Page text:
Hope area First Nations are bracing for COVID-19 by closing their doors to the public, and helping their members with food and other essentials.
“Due to health and safety concerns, Chawathil First Nations is closed to the public,” signs up around Chawathil read. “Trespassers will be observed and reported,” the sign continues. And the community of just over 350 people, with an additional around 300 living away from the nation, is being vigilant.
Chief Rhoda Peters, who has herself been in a 14-day self-isolation after a brief visit to the United States, said for now the first nation doesn’t have anyone stationed at the road in from Highway 7. It’s more about residents being vigilant, and only allowing in essential services like grocery deliveries.
“We put up signage…to keep our community safe, because we have a lot of Elders, we have a lot of people with diabetes, arthritis, other underlying health conditions,” said emergency program coordinator Audrey George.
“It’s been pretty good, everybody has been staying home. And like everybody else in the province, we’re having a hard time finding tissue, flour, eggs and stuff like that,” she added. People have been getting on social media to navigate these shortages George said. Chawathil has also been advising Elders in particular to stay home and offering to do shopping for them, but they all have families looking out for these needs.
The first nation is under a local state of emergency and emergency funding has been provided to members both on-and-off reserve. Produce, and disinfectant packages for Elders, has also been distributed.
Further north on Highway 7, Skawahlook First Nation has closed their office as well as the Syexw Cho:leqw Adventure Park until further notice. Community events have also been cancelled.
Across the Fraser, Shxw’ow’hamel First Nation is being equally vigilant. Chief administrative officer and one of the nation’s leaders Siyam Shane James said the community already has security staff who are checking in on any vehicles that may not belong to residents. For the time being the road in is open, but James said discussions are underway and the nation is prepared to completely close should they become aware of a case of COVID-19 in Hope.
“There are a lot of Elders here. It would make its way quickly through the community,” James said of the worst-case-scenario, COVID-19 in his community.
For the time being, James said their COVID-19 committee is planning for these scenarios. They are buying extra supplies and working on getting supplies delivered.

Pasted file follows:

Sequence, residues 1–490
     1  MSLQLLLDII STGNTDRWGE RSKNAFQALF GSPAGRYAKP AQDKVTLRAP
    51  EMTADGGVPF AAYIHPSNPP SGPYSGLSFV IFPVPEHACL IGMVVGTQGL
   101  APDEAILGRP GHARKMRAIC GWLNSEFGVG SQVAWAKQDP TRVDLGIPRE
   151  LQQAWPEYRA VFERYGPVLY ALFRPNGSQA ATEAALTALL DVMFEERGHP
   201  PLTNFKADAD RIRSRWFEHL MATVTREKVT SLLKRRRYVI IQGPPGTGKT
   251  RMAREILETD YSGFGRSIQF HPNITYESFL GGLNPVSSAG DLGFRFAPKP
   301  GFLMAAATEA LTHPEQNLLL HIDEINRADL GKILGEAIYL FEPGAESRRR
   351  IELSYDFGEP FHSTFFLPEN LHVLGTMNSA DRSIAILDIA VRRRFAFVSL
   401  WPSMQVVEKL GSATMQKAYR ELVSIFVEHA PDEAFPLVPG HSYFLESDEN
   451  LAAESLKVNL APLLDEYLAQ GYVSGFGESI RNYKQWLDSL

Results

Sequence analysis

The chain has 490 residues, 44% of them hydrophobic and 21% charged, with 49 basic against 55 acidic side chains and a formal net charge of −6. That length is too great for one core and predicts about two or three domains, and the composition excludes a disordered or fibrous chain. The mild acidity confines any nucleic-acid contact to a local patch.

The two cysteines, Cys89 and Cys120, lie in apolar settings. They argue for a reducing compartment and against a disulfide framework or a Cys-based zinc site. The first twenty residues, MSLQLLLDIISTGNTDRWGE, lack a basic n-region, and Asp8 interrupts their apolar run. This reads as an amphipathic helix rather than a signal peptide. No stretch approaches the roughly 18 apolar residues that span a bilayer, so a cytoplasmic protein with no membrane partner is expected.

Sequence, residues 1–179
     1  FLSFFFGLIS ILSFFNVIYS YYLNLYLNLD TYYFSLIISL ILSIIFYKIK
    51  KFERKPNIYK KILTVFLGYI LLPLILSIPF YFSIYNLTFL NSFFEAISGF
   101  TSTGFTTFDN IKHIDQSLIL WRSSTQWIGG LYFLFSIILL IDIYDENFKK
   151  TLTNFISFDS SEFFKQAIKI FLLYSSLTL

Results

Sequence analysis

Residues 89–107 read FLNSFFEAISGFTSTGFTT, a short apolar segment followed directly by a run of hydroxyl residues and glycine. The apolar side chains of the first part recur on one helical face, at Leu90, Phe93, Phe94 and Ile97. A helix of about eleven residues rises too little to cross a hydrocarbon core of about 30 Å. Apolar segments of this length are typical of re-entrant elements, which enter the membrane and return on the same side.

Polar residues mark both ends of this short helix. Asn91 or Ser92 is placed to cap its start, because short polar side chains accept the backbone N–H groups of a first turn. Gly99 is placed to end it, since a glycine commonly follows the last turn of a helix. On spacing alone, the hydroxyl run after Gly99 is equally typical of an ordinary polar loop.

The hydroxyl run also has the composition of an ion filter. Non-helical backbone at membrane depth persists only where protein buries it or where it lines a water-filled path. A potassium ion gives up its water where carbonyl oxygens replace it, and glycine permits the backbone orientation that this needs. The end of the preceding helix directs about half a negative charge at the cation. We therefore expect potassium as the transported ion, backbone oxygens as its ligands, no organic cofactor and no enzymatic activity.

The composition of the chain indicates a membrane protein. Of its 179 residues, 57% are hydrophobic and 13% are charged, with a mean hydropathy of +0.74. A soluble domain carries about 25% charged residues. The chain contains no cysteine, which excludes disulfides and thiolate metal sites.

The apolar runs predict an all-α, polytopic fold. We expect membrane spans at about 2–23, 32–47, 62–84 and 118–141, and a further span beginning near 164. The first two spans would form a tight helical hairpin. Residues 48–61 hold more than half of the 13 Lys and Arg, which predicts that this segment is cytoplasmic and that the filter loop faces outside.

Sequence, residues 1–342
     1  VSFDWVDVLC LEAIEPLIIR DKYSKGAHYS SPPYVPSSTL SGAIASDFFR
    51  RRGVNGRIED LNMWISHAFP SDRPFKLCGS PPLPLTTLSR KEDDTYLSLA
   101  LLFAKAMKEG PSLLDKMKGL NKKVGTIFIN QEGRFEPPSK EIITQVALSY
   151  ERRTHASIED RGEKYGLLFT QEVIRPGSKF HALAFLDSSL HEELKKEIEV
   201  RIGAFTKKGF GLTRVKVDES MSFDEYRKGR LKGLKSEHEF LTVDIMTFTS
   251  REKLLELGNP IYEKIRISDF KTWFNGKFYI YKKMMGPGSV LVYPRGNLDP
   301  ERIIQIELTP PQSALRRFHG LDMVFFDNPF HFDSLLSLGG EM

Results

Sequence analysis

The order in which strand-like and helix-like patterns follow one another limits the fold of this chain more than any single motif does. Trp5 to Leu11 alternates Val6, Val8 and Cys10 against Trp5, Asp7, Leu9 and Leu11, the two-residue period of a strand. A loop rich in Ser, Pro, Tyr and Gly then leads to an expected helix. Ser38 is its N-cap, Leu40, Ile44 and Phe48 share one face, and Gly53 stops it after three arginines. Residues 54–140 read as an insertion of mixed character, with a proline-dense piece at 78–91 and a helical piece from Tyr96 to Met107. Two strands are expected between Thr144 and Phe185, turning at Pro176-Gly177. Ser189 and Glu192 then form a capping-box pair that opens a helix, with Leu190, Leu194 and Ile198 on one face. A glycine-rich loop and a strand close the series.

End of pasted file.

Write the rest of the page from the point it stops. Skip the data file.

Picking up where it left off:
And people are adhering to the strict orders from the province’s chief medical health officer, even in times of family crisis. One member passed away and the family was only able to have a private viewing, James said, and are waiting to have a service.
Up the Fraser Canyon, Shelley Bobb said the 46 community members of Spuzzum First Nation are hunkering down. They’ve stopped the visits of those who normally provide services in the community, and made a community food order through Sysco when grocery stores were experiencing shortages. Basics like flour, sugar, beans, potatoes and other staples were ordered, some of which has been distributed to community members.
“We’re trying to really encourage no one to go anywhere unless they really have to,” Bobb said. They are ensuring everyone that needs prescriptions has them, as well as gathering medicines, feminine hygiene products and diapers.
“We’re used to…I mean, we’ve had no power. We’ve been stuck here because of the slides. Most of the people here, we’re stockpiled. You know, we do big shopping,” Bobb said.
Most First Nations in the area have closed the doors of their offices, including the Yale First Nation office located in Hope. Staff are working from home, the nation confirmed, adding that there are no confirmed cases in their community “either at home or away.”
It’s a difficult time, Chief Ken Hansen acknowledged, but one which his council and staff are working hard on. “Even though there is an immediate threat of illness to their own families, they have stepped up and found new ways to comfort and instill hope back into our citizens,” he said.
“I must acknowledge the Town of Hope and surrounding communities for the effort of really pulling together during this hard time and finding support, where they may have not seen it before,” he added. “We have experienced a very humbling amount of challenges over the last few months and we are proud to be a part of the collective.”
The Hope Standard reached out to the first nations of Boston Bar, Boothroyd, Peters and Union Bar and did not hear back as of publication time.